An excellent contribution to the truth telling of the American Indian story.




A nonpolemical, engaging study of a once-thriving Indian nation of the American heartland whose origins and demise tell us much about ourselves.

Along the Missouri River in North Dakota, the Mandan people flourished in the warming period between ice ages, circa A.D. 1000, drawn to the alluvial richness of the river as well as the bison hunting ranges of the Western grasslands. In her thorough mosaic of Mandan history and culture, Fenn (Western American History/Univ. of Colorado; Pox Americana: The Great Smallpox Epidemic of 1775–82, 2001, etc.) writes that these were an immensely adaptable people, migrating upstream when weather patterns changed, mastering the cultivation of corn and other edibles and the art of trade, often in competition with other horticulturalist tribes nearby, like the Arikara and Lakota. Elaborate Mandan defense fortifications indicated a vulnerability to attack, perhaps by the fierce, nomadic Sioux. Mandan homes were sturdy and numerous, solid earthen lodges built by the women, who also cultivated the fields, dried the meat and tanned the hides, revealing a strong maternal society where the husbands and the children were shared by sisters in one house due to the scarcity of men, perhaps due to mortality from war and hunting. At the time of the Spanish conquistadors, Fenn estimates there were 12,000 Mandans in the upper Missouri River; it was “teeming with people.” Gradually, contact with outsiders beginning in the 17th century and continuing with the famous interaction with Louis and Clark’s expedition up the Missouri in 1804 led to Mandan decimation by disease as well as by the Norwegian rat, which devoured their corn stored in cache pits. In addition to her comprehensive narrative, Fenn intersperses throughout the narrative many helpful maps and poignant drawings by George Catlin and others.

An excellent contribution to the truth telling of the American Indian story.

Pub Date: March 11, 2014

ISBN: 978-0-8090-4239-5

Page Count: 480

Publisher: Hill and Wang/Farrar, Straus and Giroux

Review Posted Online: Jan. 4, 2014

Kirkus Reviews Issue: Jan. 15, 2014

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The author's youthfulness helps to assure the inevitable comparison with the Anne Frank diary although over and above the...


Elie Wiesel spent his early years in a small Transylvanian town as one of four children. 

He was the only one of the family to survive what Francois Maurois, in his introduction, calls the "human holocaust" of the persecution of the Jews, which began with the restrictions, the singularization of the yellow star, the enclosure within the ghetto, and went on to the mass deportations to the ovens of Auschwitz and Buchenwald. There are unforgettable and horrifying scenes here in this spare and sombre memoir of this experience of the hanging of a child, of his first farewell with his father who leaves him an inheritance of a knife and a spoon, and of his last goodbye at Buchenwald his father's corpse is already cold let alone the long months of survival under unconscionable conditions.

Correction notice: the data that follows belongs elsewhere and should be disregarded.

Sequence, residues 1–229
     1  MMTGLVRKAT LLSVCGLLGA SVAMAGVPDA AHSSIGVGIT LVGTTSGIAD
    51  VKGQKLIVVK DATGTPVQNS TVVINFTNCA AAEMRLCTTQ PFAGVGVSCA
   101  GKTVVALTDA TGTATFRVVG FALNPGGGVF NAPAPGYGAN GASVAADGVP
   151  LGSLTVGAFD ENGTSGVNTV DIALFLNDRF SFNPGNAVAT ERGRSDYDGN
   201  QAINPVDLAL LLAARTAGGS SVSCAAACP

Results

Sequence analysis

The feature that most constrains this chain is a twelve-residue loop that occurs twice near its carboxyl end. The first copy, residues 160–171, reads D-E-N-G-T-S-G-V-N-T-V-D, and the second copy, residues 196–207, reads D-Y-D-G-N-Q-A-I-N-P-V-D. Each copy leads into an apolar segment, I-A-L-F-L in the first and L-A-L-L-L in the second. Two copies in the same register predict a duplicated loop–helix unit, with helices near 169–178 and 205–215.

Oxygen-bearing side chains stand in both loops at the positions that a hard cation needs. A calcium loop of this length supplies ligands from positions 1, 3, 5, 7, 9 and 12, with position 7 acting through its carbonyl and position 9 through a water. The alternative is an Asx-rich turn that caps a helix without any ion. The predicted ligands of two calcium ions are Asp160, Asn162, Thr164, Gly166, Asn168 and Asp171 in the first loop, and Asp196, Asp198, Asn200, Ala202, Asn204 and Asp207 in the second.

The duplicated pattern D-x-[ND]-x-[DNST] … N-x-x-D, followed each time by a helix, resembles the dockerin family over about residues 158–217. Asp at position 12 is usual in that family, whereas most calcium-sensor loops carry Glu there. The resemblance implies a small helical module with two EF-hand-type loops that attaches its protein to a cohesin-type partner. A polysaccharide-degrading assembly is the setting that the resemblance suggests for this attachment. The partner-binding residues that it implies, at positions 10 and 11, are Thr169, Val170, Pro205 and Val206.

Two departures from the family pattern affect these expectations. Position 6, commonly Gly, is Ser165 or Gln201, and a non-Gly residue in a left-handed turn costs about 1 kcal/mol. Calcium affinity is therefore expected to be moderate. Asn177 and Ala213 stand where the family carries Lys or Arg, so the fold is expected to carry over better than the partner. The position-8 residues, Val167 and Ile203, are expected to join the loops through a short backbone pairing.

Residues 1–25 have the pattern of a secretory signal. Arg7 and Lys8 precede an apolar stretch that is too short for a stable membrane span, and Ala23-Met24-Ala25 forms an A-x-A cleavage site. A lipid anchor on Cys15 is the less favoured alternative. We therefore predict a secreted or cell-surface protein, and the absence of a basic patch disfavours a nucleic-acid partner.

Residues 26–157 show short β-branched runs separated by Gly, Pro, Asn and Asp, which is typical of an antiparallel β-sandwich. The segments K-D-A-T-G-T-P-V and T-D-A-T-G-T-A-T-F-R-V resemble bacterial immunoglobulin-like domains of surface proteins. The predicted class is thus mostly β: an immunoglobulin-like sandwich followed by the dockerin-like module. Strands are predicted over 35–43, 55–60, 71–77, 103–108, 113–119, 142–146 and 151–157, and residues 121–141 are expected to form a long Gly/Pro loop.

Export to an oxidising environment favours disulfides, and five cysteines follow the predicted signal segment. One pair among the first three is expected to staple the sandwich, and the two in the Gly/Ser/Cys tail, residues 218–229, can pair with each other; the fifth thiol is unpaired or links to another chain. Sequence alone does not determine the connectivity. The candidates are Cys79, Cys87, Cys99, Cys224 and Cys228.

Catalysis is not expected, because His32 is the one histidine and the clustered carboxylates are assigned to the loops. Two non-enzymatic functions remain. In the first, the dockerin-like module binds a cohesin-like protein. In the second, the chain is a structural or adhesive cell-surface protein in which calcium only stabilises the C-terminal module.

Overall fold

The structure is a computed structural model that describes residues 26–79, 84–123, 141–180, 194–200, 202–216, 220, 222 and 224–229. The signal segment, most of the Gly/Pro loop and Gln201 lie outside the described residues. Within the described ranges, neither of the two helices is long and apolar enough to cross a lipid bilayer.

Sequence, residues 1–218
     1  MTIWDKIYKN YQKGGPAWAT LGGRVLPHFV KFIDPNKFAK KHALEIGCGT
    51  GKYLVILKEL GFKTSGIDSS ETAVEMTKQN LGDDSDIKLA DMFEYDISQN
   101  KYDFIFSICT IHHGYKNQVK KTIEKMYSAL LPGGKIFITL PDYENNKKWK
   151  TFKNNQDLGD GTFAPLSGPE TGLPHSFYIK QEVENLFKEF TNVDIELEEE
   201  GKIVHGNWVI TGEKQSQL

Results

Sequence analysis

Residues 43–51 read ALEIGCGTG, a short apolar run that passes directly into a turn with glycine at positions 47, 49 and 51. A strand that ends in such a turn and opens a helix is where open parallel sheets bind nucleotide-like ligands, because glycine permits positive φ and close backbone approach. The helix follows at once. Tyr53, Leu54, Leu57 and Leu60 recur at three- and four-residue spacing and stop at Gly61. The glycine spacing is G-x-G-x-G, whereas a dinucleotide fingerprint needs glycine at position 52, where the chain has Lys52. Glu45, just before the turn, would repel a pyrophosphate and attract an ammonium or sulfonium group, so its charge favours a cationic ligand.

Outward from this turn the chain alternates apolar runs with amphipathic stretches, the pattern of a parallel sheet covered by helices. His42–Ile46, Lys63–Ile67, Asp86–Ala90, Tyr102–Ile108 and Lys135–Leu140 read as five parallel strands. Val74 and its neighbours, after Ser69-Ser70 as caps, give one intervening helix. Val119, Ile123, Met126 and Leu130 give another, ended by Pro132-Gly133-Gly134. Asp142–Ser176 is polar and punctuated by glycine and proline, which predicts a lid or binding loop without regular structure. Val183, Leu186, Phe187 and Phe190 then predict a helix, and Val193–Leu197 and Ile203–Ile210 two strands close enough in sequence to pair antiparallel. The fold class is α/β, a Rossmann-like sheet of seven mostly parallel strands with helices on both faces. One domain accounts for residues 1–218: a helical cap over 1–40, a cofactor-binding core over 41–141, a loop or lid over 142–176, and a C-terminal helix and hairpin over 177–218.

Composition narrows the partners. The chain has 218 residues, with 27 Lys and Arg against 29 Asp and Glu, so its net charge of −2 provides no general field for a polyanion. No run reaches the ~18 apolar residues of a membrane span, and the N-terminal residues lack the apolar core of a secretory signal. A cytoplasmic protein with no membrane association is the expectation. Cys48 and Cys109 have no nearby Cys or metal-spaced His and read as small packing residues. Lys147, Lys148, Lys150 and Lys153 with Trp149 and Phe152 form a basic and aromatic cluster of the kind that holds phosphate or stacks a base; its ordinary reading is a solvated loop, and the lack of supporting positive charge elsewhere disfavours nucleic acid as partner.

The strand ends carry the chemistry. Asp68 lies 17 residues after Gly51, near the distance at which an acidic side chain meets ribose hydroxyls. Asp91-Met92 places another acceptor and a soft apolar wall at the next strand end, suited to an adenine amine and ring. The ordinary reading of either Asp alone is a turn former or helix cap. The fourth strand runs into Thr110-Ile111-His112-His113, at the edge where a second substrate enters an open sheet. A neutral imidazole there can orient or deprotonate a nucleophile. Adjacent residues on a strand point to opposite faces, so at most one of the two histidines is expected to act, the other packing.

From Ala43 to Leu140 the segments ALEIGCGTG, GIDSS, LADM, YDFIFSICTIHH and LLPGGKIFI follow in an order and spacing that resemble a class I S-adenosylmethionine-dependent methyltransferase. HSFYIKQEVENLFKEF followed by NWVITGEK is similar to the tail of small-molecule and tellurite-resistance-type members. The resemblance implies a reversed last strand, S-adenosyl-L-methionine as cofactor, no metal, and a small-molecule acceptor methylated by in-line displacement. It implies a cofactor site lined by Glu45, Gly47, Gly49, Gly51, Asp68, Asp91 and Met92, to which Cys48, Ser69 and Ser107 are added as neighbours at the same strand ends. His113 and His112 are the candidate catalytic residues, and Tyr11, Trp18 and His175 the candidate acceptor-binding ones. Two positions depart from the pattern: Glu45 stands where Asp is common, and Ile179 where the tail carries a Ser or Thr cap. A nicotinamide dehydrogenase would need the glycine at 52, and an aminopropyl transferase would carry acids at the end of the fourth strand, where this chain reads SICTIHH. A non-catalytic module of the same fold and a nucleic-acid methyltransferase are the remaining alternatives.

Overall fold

The author's youthfulness helps to assure the inevitable comparison with the Anne Frank diary although over and above the sphere of suffering shared, and in this case extended to the death march itself, there is no spiritual or emotional legacy here to offset any reader reluctance.

Pub Date: Jan. 16, 2006

ISBN: 0374500010

Page Count: 120

Publisher: Hill & Wang

Review Posted Online: Oct. 7, 2011

Kirkus Reviews Issue: Jan. 15, 2006

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For Howard Zinn, long-time civil rights and anti-war activist, history and ideology have a lot in common. Since he thinks that everything is in someone's interest, the historian—Zinn posits—has to figure out whose interests he or she is defining/defending/reconstructing (hence one of his previous books, The Politics of History). Zinn has no doubts about where he stands in this "people's history": "it is a history disrespectful of governments and respectful of people's movements of resistance." So what we get here, instead of the usual survey of wars, presidents, and institutions, is a survey of the usual rebellions, strikes, and protest movements. Zinn starts out by depicting the arrival of Columbus in North America from the standpoint of the Indians (which amounts to their standpoint as constructed from the observations of the Europeans); and, after easily establishing the cultural disharmony that ensued, he goes on to the importation of slaves into the colonies. Add the laborers and indentured servants that followed, plus women and later immigrants, and you have Zinn's amorphous constituency. To hear Zinn tell it, all anyone did in America at any time was to oppress or be oppressed; and so he obscures as much as his hated mainstream historical foes do—only in Zinn's case there is that absurd presumption that virtually everything that came to pass was the work of ruling-class planning: this amounts to one great indictment for conspiracy. Despite surface similarities, this is not a social history, since we get no sense of the fabric of life. Instead of negating the one-sided histories he detests, Zinn has merely reversed the image; the distortion remains.

Pub Date: Jan. 1, 1979

ISBN: 0061965588

Page Count: 772

Publisher: Harper & Row

Review Posted Online: May 26, 2012

Kirkus Reviews Issue: Jan. 1, 1979

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